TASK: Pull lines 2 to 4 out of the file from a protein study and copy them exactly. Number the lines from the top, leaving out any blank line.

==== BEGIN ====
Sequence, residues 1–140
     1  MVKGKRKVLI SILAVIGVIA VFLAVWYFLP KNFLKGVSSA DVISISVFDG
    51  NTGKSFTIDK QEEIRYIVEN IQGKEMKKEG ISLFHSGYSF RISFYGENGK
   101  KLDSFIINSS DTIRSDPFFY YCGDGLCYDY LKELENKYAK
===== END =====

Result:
     1  MVKGKRKVLI SILAVIGVIA VFLAVWYFLP KNFLKGVSSA DVISISVFDG
    51  NTGKSFTIDK QEEIRYIVEN IQGKEMKKEG ISLFHSGYSF RISFYGENGK
   101  KLDSFIINSS DTIRSDPFFY YCGDGLCYDY LKELENKYAK